Bret Greenstein, the vice president of IBM Watson internet of things platform, stated that people would eventually learn to love the autonomous car. He added that it would be as a result of how cars would listen, resulting in people forming relationships with them. This was when he was speaking at UPSHIFT in 2016.
Greenstein began the discussion by speaking of his first car which was a 1960s Oldsmobile with classic car tropes that he would fix with a screwdriver and duct tape and he would know the cars needs from listening to it. Autonomous cars were therefore based on the reversal of tasks whereby a car would listen and know what its passenger needed.
Greenstein used an example of IBM’s collaboration with Local Motors (LM) on a project involving motor vehicles. IBM added Watson, the artificial intelligence system to LM’s autonomous bus, Olli. This bus shuttles passengers around while they tell Olli where they want to go thanks to Watson. Passengers would alight from Olli smiling, which was a non-occurrence in a scenario of traditional buses.
The novelty was not only as a result of riding an autonomous bus but because one would interact with it. This brought out things like Siri and old versions of Ford sync that people could talk with and how frustrating their interfaces were proven to be during use. Goldstein added that the issue with those systems was a lack of depth and recognition. Through the Driving Assistance package, Mercedes-Benz has also put a lot of research in autonomous driving. The DRIVE PILOT has a lot of insights into futuristic autonomous driving functions of its system which is already being tried in the 2016 E-Class model in Nevada.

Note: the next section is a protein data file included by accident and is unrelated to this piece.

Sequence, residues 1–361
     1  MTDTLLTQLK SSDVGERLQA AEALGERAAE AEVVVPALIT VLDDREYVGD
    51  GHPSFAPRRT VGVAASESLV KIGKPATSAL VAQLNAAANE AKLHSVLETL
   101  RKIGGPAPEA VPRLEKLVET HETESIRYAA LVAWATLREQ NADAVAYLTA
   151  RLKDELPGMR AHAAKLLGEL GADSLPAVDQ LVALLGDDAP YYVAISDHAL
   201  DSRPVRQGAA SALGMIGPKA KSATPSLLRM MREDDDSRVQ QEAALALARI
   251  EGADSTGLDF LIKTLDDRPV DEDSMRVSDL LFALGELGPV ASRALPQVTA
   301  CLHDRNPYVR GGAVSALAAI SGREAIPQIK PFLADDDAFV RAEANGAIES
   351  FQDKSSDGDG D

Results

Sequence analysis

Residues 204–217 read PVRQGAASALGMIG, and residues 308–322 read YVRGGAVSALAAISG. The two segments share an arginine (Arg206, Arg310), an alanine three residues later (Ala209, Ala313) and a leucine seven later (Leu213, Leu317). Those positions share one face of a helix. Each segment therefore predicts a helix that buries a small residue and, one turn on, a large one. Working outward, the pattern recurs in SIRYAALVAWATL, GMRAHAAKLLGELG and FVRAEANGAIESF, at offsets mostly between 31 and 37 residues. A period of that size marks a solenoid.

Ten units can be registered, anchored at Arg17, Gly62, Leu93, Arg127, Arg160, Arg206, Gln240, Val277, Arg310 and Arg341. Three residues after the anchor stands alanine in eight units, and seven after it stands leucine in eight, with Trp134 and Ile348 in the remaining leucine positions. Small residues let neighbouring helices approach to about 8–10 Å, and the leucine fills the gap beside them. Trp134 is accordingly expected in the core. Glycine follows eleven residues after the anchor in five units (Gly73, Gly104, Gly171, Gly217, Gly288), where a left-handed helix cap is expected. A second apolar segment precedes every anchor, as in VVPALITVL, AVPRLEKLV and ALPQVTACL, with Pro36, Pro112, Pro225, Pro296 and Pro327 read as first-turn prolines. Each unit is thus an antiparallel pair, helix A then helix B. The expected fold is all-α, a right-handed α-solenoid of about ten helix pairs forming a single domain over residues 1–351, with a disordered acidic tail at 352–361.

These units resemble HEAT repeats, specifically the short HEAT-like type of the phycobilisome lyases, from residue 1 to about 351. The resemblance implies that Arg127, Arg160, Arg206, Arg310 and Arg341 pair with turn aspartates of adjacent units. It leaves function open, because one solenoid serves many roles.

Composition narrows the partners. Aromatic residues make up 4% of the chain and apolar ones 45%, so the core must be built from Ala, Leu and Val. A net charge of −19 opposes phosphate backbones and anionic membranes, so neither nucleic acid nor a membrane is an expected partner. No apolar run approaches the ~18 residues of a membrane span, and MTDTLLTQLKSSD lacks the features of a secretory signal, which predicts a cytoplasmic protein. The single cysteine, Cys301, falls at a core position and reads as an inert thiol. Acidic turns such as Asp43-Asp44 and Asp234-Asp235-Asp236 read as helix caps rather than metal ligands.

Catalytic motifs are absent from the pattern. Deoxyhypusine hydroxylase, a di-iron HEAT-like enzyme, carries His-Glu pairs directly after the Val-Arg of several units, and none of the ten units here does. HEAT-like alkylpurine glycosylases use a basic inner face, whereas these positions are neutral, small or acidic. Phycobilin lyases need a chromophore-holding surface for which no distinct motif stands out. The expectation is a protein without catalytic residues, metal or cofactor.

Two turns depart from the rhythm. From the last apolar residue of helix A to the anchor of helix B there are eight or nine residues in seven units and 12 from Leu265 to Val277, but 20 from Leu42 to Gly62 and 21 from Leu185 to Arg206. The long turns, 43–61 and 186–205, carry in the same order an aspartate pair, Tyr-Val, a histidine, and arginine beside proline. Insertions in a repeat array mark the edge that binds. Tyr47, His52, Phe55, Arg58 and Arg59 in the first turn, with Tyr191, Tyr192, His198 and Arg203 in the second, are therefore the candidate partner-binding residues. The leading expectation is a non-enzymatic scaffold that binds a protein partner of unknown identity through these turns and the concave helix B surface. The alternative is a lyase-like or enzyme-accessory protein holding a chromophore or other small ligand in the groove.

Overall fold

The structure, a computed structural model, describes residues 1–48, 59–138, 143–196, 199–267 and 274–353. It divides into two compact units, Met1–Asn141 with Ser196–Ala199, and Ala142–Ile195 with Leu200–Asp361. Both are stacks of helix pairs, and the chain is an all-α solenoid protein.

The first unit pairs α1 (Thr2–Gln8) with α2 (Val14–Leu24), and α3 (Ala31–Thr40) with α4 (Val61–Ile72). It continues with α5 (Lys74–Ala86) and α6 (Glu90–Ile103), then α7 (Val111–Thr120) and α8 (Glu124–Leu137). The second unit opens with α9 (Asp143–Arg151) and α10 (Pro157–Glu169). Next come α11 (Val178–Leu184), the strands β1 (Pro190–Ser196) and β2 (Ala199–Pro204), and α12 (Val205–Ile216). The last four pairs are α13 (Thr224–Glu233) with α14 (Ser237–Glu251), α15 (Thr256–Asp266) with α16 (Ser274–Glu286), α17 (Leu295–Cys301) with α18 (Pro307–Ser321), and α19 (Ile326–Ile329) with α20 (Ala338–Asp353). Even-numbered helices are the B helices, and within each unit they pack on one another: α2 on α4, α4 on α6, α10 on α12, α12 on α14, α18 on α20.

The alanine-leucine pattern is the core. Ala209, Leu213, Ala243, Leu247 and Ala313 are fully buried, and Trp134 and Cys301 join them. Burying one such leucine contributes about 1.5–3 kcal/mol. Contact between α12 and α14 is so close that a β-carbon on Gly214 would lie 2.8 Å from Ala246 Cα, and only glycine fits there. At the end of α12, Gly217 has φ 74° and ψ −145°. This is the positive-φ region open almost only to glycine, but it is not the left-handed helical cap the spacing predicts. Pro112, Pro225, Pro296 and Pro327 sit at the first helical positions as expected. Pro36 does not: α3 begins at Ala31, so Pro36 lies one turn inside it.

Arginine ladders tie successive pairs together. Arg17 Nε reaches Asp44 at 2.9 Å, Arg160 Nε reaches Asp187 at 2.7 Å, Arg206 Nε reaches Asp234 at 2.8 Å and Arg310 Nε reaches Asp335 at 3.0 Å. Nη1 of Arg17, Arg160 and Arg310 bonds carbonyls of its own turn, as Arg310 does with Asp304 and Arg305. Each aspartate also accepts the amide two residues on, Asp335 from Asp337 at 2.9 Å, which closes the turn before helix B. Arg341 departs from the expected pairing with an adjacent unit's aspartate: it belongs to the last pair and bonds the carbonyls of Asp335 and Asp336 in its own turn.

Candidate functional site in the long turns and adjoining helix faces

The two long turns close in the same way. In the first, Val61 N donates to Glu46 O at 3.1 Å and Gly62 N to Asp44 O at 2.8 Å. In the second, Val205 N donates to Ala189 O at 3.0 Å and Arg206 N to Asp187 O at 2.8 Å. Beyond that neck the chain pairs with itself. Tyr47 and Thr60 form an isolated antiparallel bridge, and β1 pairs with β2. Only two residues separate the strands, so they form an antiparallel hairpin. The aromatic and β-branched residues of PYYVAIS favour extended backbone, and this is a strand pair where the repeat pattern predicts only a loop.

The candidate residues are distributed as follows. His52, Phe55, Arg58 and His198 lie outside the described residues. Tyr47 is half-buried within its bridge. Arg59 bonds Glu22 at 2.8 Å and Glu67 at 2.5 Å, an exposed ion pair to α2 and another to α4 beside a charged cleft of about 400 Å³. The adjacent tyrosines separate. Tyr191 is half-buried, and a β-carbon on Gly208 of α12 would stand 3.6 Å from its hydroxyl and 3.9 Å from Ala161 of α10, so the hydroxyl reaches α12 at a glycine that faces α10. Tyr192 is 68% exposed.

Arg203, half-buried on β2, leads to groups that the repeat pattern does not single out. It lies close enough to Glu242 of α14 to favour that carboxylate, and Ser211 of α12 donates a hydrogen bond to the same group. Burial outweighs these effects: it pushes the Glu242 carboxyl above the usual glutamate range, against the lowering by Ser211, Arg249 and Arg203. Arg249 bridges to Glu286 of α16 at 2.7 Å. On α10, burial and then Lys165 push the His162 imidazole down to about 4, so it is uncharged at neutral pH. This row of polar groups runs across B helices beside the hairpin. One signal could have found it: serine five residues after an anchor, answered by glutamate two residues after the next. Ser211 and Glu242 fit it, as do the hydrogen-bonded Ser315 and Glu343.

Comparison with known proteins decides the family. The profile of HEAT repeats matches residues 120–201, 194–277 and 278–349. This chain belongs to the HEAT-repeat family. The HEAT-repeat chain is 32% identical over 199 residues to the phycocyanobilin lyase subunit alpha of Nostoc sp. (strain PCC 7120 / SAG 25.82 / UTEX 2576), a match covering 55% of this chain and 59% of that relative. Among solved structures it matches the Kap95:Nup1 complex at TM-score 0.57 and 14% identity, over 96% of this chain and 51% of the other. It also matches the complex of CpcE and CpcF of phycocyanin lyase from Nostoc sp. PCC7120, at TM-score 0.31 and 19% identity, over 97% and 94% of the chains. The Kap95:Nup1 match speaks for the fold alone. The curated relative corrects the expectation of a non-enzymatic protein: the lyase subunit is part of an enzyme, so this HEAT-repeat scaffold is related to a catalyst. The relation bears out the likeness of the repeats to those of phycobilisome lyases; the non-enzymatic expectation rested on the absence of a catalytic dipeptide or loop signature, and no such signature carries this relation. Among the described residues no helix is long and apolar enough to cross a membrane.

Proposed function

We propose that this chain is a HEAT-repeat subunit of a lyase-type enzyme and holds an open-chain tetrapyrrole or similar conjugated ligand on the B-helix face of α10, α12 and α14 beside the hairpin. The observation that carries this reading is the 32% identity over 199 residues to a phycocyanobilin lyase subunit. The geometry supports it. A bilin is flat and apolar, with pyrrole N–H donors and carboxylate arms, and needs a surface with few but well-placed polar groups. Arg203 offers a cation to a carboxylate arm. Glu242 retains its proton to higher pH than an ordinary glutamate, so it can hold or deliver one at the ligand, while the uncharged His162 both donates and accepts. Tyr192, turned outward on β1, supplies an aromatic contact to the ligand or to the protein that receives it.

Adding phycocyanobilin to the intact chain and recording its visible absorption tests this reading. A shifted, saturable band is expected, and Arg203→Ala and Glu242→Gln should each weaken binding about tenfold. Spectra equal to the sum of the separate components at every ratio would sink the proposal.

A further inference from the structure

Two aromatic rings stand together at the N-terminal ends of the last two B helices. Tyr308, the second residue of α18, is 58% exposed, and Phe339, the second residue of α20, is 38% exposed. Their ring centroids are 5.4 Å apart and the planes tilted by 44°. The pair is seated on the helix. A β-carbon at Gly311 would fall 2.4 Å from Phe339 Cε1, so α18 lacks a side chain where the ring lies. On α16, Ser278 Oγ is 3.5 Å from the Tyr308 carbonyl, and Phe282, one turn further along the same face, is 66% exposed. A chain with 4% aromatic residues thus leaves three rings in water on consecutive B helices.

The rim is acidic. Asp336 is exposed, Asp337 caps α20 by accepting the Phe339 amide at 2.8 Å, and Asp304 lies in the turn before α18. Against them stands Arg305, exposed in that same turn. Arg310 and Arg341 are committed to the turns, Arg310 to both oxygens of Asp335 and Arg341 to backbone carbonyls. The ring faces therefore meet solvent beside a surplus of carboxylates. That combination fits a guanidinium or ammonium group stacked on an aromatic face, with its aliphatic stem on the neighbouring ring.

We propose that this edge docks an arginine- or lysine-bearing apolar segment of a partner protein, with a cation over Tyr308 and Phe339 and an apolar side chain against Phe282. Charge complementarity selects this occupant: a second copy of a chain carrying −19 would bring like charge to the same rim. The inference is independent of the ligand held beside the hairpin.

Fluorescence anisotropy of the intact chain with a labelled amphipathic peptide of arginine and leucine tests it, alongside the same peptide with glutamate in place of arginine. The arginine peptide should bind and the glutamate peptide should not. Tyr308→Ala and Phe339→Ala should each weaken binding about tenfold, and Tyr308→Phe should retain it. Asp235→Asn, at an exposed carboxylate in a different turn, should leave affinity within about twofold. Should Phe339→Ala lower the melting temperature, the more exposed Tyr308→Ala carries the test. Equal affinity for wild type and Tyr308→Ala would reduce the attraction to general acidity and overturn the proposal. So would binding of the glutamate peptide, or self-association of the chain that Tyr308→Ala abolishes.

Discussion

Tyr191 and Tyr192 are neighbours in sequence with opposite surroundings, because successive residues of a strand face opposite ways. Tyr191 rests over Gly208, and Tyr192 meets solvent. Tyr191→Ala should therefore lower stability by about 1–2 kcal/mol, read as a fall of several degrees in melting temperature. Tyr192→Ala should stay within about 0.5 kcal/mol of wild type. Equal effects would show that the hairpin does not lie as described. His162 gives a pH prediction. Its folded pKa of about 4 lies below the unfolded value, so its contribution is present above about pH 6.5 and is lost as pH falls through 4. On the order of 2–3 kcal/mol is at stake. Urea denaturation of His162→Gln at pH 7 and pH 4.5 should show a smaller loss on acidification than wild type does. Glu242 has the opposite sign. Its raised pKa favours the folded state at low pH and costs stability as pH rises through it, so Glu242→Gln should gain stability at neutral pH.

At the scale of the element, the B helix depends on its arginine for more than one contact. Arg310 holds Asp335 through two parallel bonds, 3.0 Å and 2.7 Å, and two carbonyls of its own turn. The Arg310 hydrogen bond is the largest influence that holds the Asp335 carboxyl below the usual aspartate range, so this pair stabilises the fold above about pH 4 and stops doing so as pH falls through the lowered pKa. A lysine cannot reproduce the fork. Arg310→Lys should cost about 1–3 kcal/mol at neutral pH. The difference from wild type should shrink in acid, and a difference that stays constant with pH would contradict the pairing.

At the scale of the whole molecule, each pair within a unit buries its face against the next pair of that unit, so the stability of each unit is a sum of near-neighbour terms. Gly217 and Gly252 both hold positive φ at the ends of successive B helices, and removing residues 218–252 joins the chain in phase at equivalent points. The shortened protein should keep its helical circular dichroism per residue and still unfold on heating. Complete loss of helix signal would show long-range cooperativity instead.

Watson solves the above challenges with a variety of capabilities like an ability to learn patterns and preferences. In an autonomous bus application, Watson asked about the music someone selected to listen to and would recognize when the person is going to work and then pre-load driving instructions which included the person’s preferred music. This was given with an example of Watson’s ability to warn a person when an ex they did not wish to meet was about to get on the bus.
For recognition, Greenstein noted a Watson program at Thomas Jefferson University hospital in the Philadelphia area. IBM added Watson to the patient’s room to let them talk to it and adjust lighting and conditions and call specific doctors.
Most people, despite its obvious efficiency, were still reluctant to use it in the beginning but when the recognition hit a high of 90%, they seemed to slowly embrace and enjoy the system.
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